Rzeczycki, P., Rasner, C., Lammlin, L., Junginger, L., Goldman, S., Bergman, R., Redding, S., Knights, A. J., Elliott, M., & Maerz, T. (2021). Cannabinoid receptor type 2 is upregulated in synovium following joint injury and mediates anti-inflammatory effects in synovial fibroblasts and macrophages. Osteoarthritis and cartilage, 29(12), 1720–1731.
Richardson, D., Pearson, R. G., Kurian, N., Latif, M. L., Garle, M. J., Barrett, D. A., Kendall, D. A., Scammell, B. E., Reeve, A. J., & Chapman, V. (2008). Characterisation of the cannabinoid receptor system in synovial tissue and fluid in patients with osteoarthritis and rheumatoid arthritis. Arthritis research & therapy, 10(2), R43.
Valastro, C., Campanile, D., Marinaro, M., Franchini, D., Piscitelli, F., Verde, R., Di Marzo, V., & Di Bello, A. (2017). Characterization of endocannabinoids and related acylethanolamides in the synovial fluid of dogs with osteoarthritis: a pilot study. BMC veterinary research, 13(1), 309. https://doi.org/10.1186/s12917-017-1245-7
Kogan NM, Melamed E, Wasserman E, et al. Cannabidiol, a Major Non-Psychotropic Cannabis Constituent Enhances Fracture Healing and Stimulates Lysyl Hydroxylase Activity in Osteoblasts. Journal of Bone and Mineral Research : the Official Journal of the American Society for Bone and Mineral Research. 2015 Oct;30(10)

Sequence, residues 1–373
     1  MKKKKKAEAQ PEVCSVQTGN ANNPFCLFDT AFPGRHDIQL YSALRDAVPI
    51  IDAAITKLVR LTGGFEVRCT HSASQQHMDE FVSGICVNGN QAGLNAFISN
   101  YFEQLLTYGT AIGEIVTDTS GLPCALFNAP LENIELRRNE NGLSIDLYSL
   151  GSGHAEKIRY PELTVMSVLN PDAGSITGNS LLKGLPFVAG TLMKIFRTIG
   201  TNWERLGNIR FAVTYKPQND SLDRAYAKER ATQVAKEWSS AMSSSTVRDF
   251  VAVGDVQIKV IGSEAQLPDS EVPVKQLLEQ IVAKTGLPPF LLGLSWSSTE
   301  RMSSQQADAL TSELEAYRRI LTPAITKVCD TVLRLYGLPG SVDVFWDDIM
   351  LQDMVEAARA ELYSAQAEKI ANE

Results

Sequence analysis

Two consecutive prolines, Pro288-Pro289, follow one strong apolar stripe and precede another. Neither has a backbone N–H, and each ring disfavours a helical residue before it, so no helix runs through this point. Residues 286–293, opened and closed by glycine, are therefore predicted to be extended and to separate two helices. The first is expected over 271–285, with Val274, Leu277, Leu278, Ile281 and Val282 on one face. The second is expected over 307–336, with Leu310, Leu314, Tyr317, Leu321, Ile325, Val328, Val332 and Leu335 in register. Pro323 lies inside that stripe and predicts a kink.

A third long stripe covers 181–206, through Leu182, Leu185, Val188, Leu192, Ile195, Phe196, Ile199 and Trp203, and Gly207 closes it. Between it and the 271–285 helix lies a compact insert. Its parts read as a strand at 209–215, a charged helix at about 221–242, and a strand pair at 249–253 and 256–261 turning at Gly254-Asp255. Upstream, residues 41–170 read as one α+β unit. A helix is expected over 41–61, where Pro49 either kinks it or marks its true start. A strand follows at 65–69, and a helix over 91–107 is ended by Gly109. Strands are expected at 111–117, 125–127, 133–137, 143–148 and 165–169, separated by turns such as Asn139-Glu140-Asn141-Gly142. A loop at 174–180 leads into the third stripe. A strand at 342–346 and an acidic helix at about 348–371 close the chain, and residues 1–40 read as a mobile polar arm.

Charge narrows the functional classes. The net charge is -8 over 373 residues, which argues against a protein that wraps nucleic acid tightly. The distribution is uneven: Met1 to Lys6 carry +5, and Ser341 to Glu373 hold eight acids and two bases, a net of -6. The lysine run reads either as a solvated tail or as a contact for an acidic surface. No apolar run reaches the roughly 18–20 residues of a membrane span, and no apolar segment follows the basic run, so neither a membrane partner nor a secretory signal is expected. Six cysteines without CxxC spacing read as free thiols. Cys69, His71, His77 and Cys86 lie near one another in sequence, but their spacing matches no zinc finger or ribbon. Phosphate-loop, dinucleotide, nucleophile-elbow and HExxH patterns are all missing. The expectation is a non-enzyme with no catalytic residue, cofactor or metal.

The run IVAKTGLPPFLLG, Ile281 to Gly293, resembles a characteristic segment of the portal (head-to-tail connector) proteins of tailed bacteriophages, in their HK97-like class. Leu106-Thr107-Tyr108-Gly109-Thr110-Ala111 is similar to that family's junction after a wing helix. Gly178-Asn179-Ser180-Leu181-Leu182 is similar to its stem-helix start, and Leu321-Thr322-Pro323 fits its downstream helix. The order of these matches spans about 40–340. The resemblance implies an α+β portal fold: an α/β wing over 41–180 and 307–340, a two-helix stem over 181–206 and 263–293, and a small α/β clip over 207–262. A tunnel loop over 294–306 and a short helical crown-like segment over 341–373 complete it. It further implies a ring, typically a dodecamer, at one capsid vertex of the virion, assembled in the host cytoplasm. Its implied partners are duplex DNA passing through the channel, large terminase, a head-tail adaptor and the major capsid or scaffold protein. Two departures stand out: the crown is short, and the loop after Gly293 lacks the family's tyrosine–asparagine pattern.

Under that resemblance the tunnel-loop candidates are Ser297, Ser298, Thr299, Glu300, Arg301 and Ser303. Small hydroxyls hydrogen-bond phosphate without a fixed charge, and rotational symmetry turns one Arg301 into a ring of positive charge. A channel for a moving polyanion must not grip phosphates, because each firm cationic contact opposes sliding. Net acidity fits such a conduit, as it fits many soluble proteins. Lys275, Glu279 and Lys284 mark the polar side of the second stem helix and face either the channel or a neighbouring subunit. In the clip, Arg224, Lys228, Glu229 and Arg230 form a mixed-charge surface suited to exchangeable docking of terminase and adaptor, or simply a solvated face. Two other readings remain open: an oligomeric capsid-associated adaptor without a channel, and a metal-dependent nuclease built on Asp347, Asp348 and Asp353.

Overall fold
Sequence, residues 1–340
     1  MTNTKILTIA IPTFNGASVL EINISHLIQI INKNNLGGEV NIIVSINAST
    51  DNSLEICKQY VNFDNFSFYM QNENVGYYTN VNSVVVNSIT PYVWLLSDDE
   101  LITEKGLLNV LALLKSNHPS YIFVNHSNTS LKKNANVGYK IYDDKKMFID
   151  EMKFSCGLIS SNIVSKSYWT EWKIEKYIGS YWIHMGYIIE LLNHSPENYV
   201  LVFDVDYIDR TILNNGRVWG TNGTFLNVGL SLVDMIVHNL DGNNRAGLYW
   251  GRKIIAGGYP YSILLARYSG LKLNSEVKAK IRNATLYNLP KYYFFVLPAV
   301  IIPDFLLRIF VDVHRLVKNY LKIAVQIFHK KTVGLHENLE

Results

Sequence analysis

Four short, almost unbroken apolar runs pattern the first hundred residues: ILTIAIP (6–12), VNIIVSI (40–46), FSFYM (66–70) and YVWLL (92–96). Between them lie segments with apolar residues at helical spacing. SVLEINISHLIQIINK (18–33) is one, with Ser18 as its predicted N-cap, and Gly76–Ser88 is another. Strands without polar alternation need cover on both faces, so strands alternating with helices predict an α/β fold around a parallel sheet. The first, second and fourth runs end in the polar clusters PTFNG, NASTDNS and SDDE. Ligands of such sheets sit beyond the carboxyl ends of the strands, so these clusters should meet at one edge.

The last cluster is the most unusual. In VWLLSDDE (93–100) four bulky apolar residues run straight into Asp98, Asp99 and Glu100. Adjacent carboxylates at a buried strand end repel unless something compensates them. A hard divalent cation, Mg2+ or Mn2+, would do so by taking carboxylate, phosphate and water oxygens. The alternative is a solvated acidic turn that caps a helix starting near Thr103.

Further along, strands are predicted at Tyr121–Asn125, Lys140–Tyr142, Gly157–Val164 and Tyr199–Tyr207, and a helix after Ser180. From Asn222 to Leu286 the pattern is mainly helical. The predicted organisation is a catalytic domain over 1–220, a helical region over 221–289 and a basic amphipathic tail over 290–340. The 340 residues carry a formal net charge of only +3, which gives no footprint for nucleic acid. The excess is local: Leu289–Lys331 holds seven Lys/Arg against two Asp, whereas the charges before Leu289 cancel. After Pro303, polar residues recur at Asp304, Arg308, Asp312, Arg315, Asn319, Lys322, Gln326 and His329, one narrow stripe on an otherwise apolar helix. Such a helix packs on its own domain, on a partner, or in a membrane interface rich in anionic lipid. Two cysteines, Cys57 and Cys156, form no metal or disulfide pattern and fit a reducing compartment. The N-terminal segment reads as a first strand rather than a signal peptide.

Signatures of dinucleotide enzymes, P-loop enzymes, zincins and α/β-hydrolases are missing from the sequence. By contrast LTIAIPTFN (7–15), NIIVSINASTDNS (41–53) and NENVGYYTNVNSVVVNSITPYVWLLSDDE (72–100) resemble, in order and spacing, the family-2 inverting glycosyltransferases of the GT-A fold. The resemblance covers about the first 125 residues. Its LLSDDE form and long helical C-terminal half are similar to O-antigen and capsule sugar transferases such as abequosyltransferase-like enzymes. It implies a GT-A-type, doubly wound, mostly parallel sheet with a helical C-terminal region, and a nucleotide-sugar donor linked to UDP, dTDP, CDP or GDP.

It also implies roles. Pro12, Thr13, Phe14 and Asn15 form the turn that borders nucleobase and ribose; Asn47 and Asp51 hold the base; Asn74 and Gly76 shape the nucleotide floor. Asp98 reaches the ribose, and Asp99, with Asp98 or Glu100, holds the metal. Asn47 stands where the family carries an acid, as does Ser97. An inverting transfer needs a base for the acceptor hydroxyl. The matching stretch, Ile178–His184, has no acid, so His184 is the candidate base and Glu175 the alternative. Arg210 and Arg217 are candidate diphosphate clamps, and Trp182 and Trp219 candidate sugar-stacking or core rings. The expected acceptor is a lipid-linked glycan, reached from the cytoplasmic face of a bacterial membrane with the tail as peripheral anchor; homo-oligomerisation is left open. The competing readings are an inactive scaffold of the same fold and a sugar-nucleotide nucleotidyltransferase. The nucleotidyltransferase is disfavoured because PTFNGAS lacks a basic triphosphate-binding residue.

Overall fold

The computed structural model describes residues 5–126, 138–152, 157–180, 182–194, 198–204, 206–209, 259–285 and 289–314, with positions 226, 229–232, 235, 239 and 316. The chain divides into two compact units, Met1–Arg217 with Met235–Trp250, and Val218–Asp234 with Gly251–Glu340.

Malfait, A. M., Gallily, R., Sumariwalla, P. F., Malik, A. S., Andreakos, E., Mechoulam, R., & Feldmann, M. (2000). The nonpsychoactive cannabis constituent cannabidiol is an oral anti-arthritic therapeutic in murine collagen-induced arthritis. Proceedings of the National Academy of Sciences of the United States of America, 97(17), 9561–9566.
Philpott, H. T., O'Brien, M., & McDougall, J. J. (2017). Attenuation of early phase inflammation by cannabidiol prevents pain and nerve damage in rat osteoarthritis. Pain, 158(12), 2442–2451.
Hammell, D. C., Zhang, L. P., Ma, F., Abshire, S. M., McIlwrath, S. L., Stinchcomb, A. L., & Westlund, K. N. (2016). Transdermal cannabidiol reduces inflammation and pain-related behaviours in a rat model of arthritis. European journal of pain (London, England), 20(6), 936–948.
Gamble, L. J., Boesch, J. M., Frye, C. W., Schwark, W. S., Mann, S., Wolfe, L., Brown, H., Berthelsen, E. S., & Wakshlag, J. J. (2018). Pharmacokinetics, Safety, and Clinical Efficacy of Cannabidiol Treatment in Osteoarthritic Dogs. Frontiers in veterinary science, 5, 165
Miller, R. J., & Miller, R. E. (2017). Is cannabis an effective treatment for joint pain?. Clinical and experimental rheumatology, 35 Suppl 107(5), 59–67.
Vannabouathong, C., Zhu, M., Chang, Y., & Bhandari, M. (2021). Can Medical Cannabis Therapies be Cost-Effective in the Non-Surgical Management of Chronic Knee Pain?. Clinical medicine insights. Arthritis and musculoskeletal disorders, 14, 11795441211002492.
Hunter, D.J., Oldfield, G., Tich, N., Messenheimer, J.A., & Sebree, T.B. (2018). Synthetic transdermal cannabidiol for the treatment of knee pain due to osteoarthritis. Osteoarthritis and Cartilage, 26.
European Regional Development Fund. A way of doing Europe.
Laboratorios Beemine S.L., within the framework of the ICEX Next programme, has received support from ICEX and co-financing from the European ERDF fund. The aim of this support is to contribute to the international development of the company and its environment.